To really understand “energy systems” you need to understand some foundational concepts first.
The best way is through an analogy — we’ll use a house analogy — which lays the groundwork for deeper understanding.
So — first — imagine a modern-day house.
It would have electricity (E), with wiring that provided shocking power.
It would have plumbing (P) with pipes that delivered and flushed fluids.
It would have a ventilation (V) system, with ducts and windows that kept the air flowing and temperature controlled.
Each has a VERY different job, but they all would work together to promote optimal living conditions for you.
There’s a harmony there, and a similar harmony is found in your body, your “house”, but with astounding elegance and complexity, and with functions that intertwine synergistically.
Those are energy systems. Or, at least, that’s an easier way to THINK about energy systems.
But what nature has given us is even better than a regular house. For us, physiologically, those three areas overlap, and each can provide “back up” services – a sort of engineered redundancy.
Each system relies on each other to operate optimally, and they have unique relationships:
• Plumbing and electricity support each other intimately and are tied.
• Plumbing and ventilation support each other intimately and are tied.
• Electricity and ventilation don’t like each other very much and support each other only indirectly.
We can think of Plumbing as that in-between friend that makes everything okay when electricity and ventilation both show up to the party. “Simmer down you two.”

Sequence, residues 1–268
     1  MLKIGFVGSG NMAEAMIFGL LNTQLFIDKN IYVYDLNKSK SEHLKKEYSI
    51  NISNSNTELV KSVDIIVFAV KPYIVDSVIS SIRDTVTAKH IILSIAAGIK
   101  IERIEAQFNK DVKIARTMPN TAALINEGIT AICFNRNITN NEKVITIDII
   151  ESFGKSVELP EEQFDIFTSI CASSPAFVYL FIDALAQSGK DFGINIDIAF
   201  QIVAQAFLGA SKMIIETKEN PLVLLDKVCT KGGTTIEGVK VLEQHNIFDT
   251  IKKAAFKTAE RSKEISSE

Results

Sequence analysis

How does this work in practice? If your “house” electrical circuit suddenly goes out, your pipes can provide support, delivering an alternative system that isn’t necessarily as efficient, but it still works. Exploiting our analogy, water can power a water wheel.
This is how the body works.
We live in a very smart house – it adapts, building bigger pipes, thicker wires, or bigger air ducts depending on what we do in our training.
In order to be a well-rounded athlete, we need to develop all areas.
For example, an athlete who has massive electricity potential with strong wires, but little ventilation, might be a powerlifter – a great thing to be, but limited if the goal is balance. An athlete who has a massive ventilation system and great plumbing, but very little electricity, might be a marathon runner.
In fitness, we want to train everything worth having – in fact, we want to overlap them as much as possible. We want them all to share the work as optimally as possible.
Through correct training we can do that. We can train our plumbing to better support electricity work. And we can train our plumbing to better support ventilation work.
Of course, there is a time and place to pursue those things (this is where periodization, planning, and peaking would come in).
It would be nice if everything fell neatly into place, but electricity (E), plumbing (P), and ventilation (V) break down into more sub-groups.
You might know those “big” systems by different names – anaerobic, lactic, aerobic — or phosphagen, glycolytic, oxidative. But they only present part of the picture – they are incomplete.
The sub-groups break down into more “energy systems,” and you may be familiar with some of their names too — Speed, Strength, Lactic Power, Lactic Endurance, Aerobic Power, and Aerobic Endurance name just a few.
The key to the most efficient and effective training is found in exploiting these systems in training. We want to understand how each system feels, and how to elicit the right sensations.
Correct programming will give us the tools to build a better house – faster, more solidly, and more effectively.
In the next part of this series, we’ll take a deeper dive.